MEMRAMCOOK, NB — In his speech on Saturday night, Rick Martel paid tribute to the “fire in the eyes” of the Cormier boys — The Beast, Leo Burke, Rudy and Bobby Kay. By the end of the evening, there were a lot of tears of happiness in their eyes too.
Simply put, it’s a real credit to the Cormiers that a tenth of the population of their village of Memramcook, NB, turned out to honour them. Sure, the bluegrass music and fundraising efforts for the local volunteer fire department and ringette team played a part, but in the end, it was about their contributions to the King of Sports.
“I’m happy to be a part of the day,” said the former AWA world champion Martel. “These guys deserve a day like this not only for what kind of people they are, but for what they gave to professional wrestling.”
Martel may have been the “biggest name” to be in town, but he was hardly the only one paying tribute.
Emile Dupre of nearby Shediac will be celebrating 50 years in wrestling on June 28th, and has known all the Cormiers — as friends and foes — through it all. “I’ve met a lot of people in my travels, but there are four that stand out,” he said, crediting them for spreading the gospel of the Maritime way of life throughout the world.
The “Recognition Night” for the Cormiers was the idea of local bluegrass musician Francis Cormier, who is of no relation to the famed grappling family. His wife, Lise, also a big wrestling fan, loved the idea and mobilized the troops. The sold-out evening in the local public school had a real family, home-spun feel.
It started with all four Cormier brothers seated in a mock wrestling ring on rocking chairs, along with their brother Malcolm, who was a referee for many, many years. Some of the surprise guests were then trucked out to pay tribute, including Martel, Dupre, Hubert Gallant, promoter Al Zinck, Stampede promoter/photographer Bob Leonard, Paul “The Butcher” Vachon, referee Frank Parker, and Todd “The Bod” MacPhee.
Interspersed with the tributes were the Cormier brothers themselves.
Leo Burke (Tommy Martin in the U.S.) was the first to speak. “I couldn’t help looking at the screen and seeing how much my brothers have changed,” he joked. “I don’t know if we deserve this, but thank you.” Burke was easily the most emotional of the brothers, and broke down as he thanked his first wife and his kids “for being there when I wasn’t there for them.”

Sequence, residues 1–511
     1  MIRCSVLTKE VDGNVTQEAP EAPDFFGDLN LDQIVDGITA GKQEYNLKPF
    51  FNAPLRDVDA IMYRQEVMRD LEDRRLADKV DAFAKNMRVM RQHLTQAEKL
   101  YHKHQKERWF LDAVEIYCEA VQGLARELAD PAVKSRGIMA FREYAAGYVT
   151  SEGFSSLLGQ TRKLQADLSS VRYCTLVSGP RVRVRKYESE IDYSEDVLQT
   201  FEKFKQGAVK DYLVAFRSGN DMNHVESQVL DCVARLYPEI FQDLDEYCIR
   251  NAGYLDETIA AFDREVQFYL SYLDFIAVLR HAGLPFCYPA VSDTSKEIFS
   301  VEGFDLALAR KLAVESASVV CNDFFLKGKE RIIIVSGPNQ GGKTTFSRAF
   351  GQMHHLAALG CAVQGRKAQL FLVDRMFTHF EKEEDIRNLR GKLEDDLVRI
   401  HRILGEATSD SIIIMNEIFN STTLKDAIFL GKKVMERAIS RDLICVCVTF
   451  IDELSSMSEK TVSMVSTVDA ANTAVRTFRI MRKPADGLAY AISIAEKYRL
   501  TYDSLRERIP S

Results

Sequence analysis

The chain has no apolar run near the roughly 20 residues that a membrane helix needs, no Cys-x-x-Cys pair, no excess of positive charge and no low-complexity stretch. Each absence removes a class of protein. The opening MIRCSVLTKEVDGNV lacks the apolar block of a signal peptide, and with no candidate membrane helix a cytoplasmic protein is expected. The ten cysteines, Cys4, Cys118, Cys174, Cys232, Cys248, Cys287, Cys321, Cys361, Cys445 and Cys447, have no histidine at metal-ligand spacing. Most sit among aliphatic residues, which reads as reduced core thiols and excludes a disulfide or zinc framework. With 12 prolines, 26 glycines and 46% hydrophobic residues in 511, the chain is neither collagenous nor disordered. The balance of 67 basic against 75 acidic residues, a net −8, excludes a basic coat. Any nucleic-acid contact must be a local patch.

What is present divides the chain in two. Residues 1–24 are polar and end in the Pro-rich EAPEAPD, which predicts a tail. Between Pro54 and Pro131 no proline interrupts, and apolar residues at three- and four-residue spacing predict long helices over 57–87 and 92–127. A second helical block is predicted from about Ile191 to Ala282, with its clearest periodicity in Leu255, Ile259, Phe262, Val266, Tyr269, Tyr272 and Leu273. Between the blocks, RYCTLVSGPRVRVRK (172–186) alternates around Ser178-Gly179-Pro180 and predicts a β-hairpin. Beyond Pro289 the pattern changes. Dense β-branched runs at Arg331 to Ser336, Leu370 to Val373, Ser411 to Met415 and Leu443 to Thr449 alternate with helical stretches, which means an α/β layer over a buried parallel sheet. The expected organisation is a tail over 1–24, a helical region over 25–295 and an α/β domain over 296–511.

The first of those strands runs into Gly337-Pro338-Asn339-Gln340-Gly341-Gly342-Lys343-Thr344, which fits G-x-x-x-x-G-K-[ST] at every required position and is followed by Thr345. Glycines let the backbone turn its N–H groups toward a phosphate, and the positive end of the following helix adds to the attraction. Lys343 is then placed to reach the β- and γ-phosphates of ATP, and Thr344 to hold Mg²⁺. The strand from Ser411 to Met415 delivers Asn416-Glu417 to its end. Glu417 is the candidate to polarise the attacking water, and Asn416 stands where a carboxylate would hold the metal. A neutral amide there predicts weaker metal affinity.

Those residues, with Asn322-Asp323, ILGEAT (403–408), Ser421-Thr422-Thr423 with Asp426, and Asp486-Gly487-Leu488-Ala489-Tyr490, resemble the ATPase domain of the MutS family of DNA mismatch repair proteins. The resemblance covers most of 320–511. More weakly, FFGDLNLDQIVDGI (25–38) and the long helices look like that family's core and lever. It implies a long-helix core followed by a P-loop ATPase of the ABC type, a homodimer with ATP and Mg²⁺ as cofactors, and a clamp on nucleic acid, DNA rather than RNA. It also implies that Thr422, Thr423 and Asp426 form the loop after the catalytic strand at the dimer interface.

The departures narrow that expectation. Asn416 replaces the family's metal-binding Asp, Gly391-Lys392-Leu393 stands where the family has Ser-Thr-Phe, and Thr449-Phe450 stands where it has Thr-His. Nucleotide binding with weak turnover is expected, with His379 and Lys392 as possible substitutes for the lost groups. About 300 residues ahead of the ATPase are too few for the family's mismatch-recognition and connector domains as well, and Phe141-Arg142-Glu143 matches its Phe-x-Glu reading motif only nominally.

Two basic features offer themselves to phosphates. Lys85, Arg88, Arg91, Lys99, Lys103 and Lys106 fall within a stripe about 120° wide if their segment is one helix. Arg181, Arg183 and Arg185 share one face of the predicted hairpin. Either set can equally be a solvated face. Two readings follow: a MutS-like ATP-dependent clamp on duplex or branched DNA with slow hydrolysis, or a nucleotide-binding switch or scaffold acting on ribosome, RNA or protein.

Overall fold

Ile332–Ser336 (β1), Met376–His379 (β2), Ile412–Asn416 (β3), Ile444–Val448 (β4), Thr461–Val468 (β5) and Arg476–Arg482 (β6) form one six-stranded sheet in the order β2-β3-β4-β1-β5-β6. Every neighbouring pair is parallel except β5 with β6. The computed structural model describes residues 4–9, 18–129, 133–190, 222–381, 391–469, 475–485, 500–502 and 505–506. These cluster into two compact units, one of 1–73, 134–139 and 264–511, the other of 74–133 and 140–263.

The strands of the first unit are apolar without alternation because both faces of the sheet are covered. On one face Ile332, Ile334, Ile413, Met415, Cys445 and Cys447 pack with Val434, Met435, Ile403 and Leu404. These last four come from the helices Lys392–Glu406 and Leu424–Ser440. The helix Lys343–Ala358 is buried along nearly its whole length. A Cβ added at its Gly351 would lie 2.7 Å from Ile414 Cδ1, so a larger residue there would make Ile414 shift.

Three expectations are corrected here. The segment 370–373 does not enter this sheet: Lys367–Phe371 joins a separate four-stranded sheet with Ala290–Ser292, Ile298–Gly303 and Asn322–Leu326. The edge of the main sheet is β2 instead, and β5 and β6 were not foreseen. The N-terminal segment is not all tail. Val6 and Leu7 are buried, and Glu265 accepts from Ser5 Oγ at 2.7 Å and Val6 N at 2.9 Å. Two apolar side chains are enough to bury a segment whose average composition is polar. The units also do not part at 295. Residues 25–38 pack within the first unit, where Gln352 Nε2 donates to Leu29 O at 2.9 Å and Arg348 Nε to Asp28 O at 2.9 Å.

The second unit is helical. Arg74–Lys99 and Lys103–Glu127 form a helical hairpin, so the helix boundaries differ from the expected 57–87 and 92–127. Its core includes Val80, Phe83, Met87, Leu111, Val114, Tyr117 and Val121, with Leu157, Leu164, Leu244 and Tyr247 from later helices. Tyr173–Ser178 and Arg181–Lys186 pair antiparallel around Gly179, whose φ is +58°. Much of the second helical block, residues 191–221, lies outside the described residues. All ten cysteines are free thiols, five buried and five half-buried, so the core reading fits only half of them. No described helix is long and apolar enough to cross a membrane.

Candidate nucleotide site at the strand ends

The youngest brother, Bobby Kay (Terry Kay in Charlotte and Toronto, Terry Martin in Kansas City) came up next. “I can’t believe what I’m seeing,” he said. “I never thought a day like this would come.”
Rudy Kay, who also promoted during the 1970s in the Maritimes, followed. “I wish they had called me up first so I don’t have to duplicate what my brothers said,” he expressed, talking directly to Rick Martel, whom he hadn’t seen since Martel was 18 years old. “You can’t imagine what a special, special feeling this is.”
The oldest brother, The Beast (Yvon Cormier), was perhaps the most-travelled of his brothers. “It was a great pleasure to have my brothers wrestle,” he said, explaining that he “never, ever heard a bad word about them.”
But it was Martel, as the de facto keynote speaker, who had the most to say. He had his very first match in the Maritimes, for promoter Rudy Kay. His late brother, Michel, had called to say that they needed a new body on the tour, and to hop onto a plane. Rick did, and he never looked back.
Joshing that the Cormiers were always “very stiff” in the ring, Martel honored Rudy Kay. “Not only did Rudy give me a chance, he took me on as a protege,” said Martel, continuing on through the brothers.
“Bobby, always the nicest guy, always with the funniest laugh,” he remembered, admitting “I even stole some of your moves, your comebacks, so thank you.”
Martel had a special relationship with Burke, who once challenged him for Martel’s AWA title in a 60-minute draw at the Halifax Forum. “I was on the receiving end of his ribs a lot of times,” recalled Martel. “He was incredible … one of the best I wrestled ever in professional wrestling.”
For The Beast, Martel shared a story from his first days in the business. He was in the backseat of a car with The Beast, with Bobby and Leo in the front seat. The Beast forced a beer on the underage Martel. “You want to be a man, you have to drink beer,” Beast said. Later, having eaten something that did not agree with him, The Beast was sick on the side of the road. “I was young and stupid,” said Martel, recalling his rejoinder to The Beast with a hearty laugh. “‘You see what happens when you want to be a man?'”
The Beast took a lot of abuse during the evening for his, well, beastly looks. “He looks like a Beast on the outside, but on the inside, he’s all beauty,” said Martel.
After the dinner, various dignitaries, politicians and media personalities took the stage to further honor the Cormiers. Letters of regret were read from Bret Hart, Archie “The Stomper” Gouldie, The Cuban Assassin, JJ Dillon, Ross and Keith Hart, Les Thatcher, Ed “Moondog” Moretti, Angelo Mosca, Penny Banner,The Destroyer (Dick Beyer), Principal Richard Pound, and others.
Two fans from Saint John, New Brunswick, Ed Doyle and his son Peter, were also given time at the podium. Both explained what it meant to be a fan, and how much the continuing presence of the Cormier brothers in their lives meant, before presenting each brother with a painting that they had “tag teamed” on.
The evening finished up with lots (and lots) of bluegrass music, laughter and beverages in the steamy gym.
Greg Oliver is the Producer of SLAM! Wrestling, and was thrilled to meet the likes of Bobby & Rudy Kay, Rick Martel, Emile Dupre and Paul Peller after having talked to them on the phone in the past. As for Frank Parker, he wouldn’t buy a Tag Team book. Sigh.